Values clarification, use of moral dilemmas, discussion of religious or moral standards, role playing, open-ended discussions of situations involving moral issues, survival games including life/death decision exercises, contrived incidents for self-revelation, sensitivity training, group encounter sessions, talk-ins, magic circle techniques, self-evaluation, auto-criticism, strategies designed for self-disclosure including the keeping of a diary, journal or log book, sociograms, sociodramas, psychodramas, blindfolded walks, isolation techniques, death education including abortion, euthanasia, suicide, use of violence, discussions of death and dying, curricula or books and reading materials pertaining to religious beliefs (including elements of witchcraft), drugs and alcohol, nuclear war, nuclear policy, nuclear classroom games, globalism, one world government, curricula discussing anti-nationalistic views, evolution, discussion and testing on interpersonal relationship, discussions of attitudes towards parents and parenting, health education including human development, and education in human sexuality including birth control and pre-marital sex.

Psychological and psychiatric treatment or adult and peer counseling that is designed to affect behavioral, emotional or attitudinal characteristics of an individual or designated to elicit information about attitudes, habits, traits, opinions, beliefs, or feelings of an individual or group.

Under California Law (Education Code Sections 51101, 51201.5, 51240, 51500, 51501, 51513, 51530 51550, 51553, 51554, 51555, and 51820) we also request that our child not be involved in any school activity or material listed below unless we have first reviewed all the relevant material and given our written consent for their use:
Sex or family life education; AIDS or HIV education; the acquiring or use of birth control drugs or devices; abortion; infanticide; euthanasia or suicide; death education in any form; programs regarding death; homosexuality; bestiality; sadism, masochism; showing of R, NC-17, or X rated (pornographic) films; meditation, yoga, trances, guided imagery, or the conjuring of spirit guides and/or “imaginary friends;” witchcraft in any form; communism or other collectivist doctrines; any counseling, group or individual, other than behavior modification programs, except as recommended by the student’s personal physician and approved by us, or the use of questionnaires, role playing, or other strategies to question, expose, or criticize any private, religious or moral value of the above named pupil or members of his/her family; “values clarification,” “decision making,” or global education dealing with the aforementioned subjects.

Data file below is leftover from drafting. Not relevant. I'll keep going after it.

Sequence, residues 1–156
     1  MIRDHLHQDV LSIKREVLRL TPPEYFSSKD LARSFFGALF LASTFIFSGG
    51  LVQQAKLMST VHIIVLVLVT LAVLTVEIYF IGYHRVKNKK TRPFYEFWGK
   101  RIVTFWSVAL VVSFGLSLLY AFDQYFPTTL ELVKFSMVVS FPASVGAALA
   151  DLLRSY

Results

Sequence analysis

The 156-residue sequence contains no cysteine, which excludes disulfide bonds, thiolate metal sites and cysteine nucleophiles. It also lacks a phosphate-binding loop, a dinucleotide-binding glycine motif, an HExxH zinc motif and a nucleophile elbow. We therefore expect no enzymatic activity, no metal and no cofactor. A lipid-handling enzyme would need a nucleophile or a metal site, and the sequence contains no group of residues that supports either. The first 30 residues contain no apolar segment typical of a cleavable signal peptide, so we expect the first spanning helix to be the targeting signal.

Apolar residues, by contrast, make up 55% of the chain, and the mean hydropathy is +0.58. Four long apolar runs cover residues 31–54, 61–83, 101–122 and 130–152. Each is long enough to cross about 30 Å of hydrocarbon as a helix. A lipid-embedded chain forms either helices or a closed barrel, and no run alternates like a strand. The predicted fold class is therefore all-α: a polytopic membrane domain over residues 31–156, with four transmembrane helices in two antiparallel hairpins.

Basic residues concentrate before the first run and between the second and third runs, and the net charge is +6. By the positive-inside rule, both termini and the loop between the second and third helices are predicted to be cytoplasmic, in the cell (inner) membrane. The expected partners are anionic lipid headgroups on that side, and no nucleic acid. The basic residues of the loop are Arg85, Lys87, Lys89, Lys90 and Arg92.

We also ask you to provide us with two-week advance notice and the opportunity to review complete curriculum material for any discussion, workshop, assembly, speaker, or presentation defined by the district as controversial, including but not limited to the following:

Topics regarding religious, political, social, economic, ethical, and/or moral significance; Guest speakers presenting materials that are defined by the district as controversial or who are presenting material that is not relevant to course material; any topic about which someone might ask whether or not it is controversial.

The purpose of this letter is to protect and preserve our children’s rights defined under the pupil’s rights amendment, the Protection of Pupil Rights Act, California Education Codes, California Family Codes, and DISTRICT policy. These regulations and policies all provide procedures for filing complaints first at the local level and then with the U.S. Department of Education. If a voluntary remedy fails, federal or state funds can be withdrawn from those in violation of the law, and the individuals responsible might be held legally liable.

Our purpose and intent is to work cooperatively with the schools in congenial and positive attitudes and actions, with our child’s best interest in mind. We fully support your efforts to provide excellent, academics-based education within our community and for our child, and we are grateful for each teacher and administrator’s dedication to our child’s academic success.

Please feel free to call us with any questions at any time during the course of the year.

I request written acknowledgment of receipt and filing of this legal, written notice.

Best Regards,


Teacher Signature:____________________________________ Date:__________________

Teacher Email:_______________________________________ Teacher P